The result of your Color Test will most likely be negative, meaning that you did not inherit one of the cancer-predisposing mutations. However, a negative result does NOT guarantee that you will be cancer-free, but rather that you didn't inherit one of the mutations known to cause these cancers.

Positive Result

Knowledge is power. Knowing that you've inherited a risk for cancer from your parents will guide a personalized screening plan.

 Two examples of how an inherited genetic mutation dramatically increases the risk of developing cancer. A woman who inherits a BRCA1 mutation is eight times as likely to develop breast cancer compared to a woman without this mutation. A man who inherits an APC mutation increases his risk of colorectal cancer by up to twenty times.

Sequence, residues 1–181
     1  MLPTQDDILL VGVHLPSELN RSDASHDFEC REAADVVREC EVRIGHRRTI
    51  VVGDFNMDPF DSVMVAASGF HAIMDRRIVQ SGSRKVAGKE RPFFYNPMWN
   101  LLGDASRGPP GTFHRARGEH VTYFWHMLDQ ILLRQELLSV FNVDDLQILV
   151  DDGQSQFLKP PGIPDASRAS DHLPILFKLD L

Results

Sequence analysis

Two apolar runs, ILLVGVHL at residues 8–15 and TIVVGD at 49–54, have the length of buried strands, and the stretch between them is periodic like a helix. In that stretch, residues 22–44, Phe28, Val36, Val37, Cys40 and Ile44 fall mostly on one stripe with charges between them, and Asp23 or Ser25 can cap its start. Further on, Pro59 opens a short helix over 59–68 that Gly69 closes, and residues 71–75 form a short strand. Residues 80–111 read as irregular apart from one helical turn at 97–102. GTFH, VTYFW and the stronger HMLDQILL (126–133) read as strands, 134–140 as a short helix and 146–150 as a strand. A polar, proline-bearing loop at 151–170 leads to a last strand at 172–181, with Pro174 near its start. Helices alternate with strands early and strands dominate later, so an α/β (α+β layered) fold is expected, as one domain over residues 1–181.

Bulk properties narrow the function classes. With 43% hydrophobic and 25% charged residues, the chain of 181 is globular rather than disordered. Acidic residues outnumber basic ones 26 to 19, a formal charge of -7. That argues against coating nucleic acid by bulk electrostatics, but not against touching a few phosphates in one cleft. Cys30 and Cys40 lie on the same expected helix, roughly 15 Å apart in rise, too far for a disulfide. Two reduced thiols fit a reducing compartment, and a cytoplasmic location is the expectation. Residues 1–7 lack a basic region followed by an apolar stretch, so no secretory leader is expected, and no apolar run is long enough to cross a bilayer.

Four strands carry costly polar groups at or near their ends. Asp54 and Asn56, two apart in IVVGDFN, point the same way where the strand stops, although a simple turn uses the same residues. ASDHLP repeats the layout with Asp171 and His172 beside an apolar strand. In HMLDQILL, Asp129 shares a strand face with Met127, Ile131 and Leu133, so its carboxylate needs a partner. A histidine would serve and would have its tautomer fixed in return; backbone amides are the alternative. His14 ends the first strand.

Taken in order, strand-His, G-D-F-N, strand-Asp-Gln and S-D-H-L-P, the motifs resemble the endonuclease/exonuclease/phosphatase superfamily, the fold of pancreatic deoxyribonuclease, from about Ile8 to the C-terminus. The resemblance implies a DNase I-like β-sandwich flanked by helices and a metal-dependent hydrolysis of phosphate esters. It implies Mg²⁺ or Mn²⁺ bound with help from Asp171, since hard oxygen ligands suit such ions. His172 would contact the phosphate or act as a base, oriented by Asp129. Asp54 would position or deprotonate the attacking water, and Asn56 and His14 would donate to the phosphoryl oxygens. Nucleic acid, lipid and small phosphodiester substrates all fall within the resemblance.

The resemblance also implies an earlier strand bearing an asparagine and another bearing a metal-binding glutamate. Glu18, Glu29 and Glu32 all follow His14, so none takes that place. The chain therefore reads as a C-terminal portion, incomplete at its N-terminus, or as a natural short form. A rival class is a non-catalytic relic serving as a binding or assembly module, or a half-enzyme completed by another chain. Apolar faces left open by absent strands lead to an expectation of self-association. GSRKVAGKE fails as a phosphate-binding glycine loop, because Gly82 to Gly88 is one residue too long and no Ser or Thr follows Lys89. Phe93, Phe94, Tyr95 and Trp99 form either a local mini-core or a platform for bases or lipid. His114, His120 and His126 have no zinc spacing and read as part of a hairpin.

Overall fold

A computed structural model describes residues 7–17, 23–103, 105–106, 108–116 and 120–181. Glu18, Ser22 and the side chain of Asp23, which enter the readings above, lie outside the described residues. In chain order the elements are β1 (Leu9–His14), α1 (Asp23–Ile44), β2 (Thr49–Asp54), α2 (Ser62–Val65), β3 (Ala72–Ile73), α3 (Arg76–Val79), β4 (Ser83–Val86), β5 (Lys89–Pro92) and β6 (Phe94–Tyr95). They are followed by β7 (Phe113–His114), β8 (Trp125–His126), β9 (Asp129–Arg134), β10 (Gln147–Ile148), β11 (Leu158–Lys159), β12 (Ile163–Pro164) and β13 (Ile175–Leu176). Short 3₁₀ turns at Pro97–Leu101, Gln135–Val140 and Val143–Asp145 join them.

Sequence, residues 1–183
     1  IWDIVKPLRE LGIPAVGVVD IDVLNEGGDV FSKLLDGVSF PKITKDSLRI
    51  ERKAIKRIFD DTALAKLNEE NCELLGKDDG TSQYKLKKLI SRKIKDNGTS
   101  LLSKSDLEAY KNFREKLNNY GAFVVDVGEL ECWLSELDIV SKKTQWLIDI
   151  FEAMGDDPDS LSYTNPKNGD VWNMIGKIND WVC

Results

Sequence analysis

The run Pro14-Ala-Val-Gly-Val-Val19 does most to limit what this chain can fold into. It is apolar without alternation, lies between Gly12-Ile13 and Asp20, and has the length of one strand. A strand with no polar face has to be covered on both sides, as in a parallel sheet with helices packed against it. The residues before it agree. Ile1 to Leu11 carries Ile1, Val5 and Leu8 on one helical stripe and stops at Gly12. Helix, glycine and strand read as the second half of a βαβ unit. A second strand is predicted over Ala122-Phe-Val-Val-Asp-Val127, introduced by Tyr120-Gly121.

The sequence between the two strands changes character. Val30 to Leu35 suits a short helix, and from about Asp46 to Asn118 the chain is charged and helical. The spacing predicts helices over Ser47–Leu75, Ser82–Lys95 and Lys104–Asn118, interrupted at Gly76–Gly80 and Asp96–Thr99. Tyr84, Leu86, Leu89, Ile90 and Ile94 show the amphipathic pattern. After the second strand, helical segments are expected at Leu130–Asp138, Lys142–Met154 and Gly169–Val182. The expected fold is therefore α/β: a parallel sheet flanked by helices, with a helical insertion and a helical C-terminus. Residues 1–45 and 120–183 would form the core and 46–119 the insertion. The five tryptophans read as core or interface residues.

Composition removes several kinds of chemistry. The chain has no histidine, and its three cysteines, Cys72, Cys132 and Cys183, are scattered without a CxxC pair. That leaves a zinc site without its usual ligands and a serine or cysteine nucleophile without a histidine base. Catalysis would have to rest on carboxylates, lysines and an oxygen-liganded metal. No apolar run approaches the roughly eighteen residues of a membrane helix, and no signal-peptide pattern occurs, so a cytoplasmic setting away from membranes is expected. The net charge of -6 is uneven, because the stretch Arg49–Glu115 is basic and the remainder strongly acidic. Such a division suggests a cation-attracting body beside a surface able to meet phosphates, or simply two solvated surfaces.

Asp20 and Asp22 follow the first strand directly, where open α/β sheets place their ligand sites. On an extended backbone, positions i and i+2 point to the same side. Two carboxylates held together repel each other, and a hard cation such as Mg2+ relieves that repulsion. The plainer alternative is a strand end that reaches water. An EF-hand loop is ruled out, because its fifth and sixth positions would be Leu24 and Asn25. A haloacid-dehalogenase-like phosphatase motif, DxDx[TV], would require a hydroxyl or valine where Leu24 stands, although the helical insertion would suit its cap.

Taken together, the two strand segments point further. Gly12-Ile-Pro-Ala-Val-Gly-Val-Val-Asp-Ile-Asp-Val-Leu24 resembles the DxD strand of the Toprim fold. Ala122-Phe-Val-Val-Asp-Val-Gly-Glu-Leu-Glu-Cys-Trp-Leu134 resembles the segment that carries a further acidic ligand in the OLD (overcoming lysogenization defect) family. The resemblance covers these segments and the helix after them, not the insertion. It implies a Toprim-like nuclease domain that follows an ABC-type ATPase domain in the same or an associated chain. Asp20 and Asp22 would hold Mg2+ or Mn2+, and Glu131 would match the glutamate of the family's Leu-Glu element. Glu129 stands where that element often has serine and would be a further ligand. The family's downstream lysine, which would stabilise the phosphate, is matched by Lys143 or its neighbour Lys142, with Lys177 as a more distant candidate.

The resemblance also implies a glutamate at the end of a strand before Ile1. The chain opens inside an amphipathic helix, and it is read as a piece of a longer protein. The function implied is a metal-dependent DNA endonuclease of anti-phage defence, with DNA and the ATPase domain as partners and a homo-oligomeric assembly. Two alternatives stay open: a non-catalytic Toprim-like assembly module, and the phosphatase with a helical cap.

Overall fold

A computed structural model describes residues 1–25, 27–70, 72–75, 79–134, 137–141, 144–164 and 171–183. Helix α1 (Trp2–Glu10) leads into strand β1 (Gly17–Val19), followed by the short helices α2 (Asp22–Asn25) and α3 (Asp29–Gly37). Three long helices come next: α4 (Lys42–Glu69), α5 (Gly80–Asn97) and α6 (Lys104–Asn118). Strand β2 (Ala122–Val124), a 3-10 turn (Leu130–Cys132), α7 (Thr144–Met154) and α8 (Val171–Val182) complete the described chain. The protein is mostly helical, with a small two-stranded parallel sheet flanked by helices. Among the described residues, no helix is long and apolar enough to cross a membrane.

Two examples of how an inherited genetic mutation dramatically increases the risk of developing cancer. A woman who inherits a BRCA1 mutation is eight times as likely to develop breast cancer compared to a woman without this mutation. A man who inherits an APC mutation increases his risk of colorectal cancer by up to twenty times.


Results from your Color Test can help guide a personalized screening plan tailored to your genetics.

For instance, if you inherited a BRCA1 mutation we would begin screening for breast cancer as early as age 30, not at age 50 as recommended by the general USPSTF guidelines. Or, if you inherited an CDH1 mutation, we would perform screening endoscopies to monitor for stomach cancer; compare this with the general USPSTF guidelines which make no recommendation for stomach cancer screening.

You need and deserve cancer screening that reflects your genetics. A personalized screening plan increases the chance for early detection of cancer, and early detection increases survival.


Be Proactive:

Discover your hereditary cancer risk.

If at risk, increase SCREENING surveillance.



Johnson, George (28 December 2010). "Understanding Prehistoric Tumors, and Debate". The New York Times.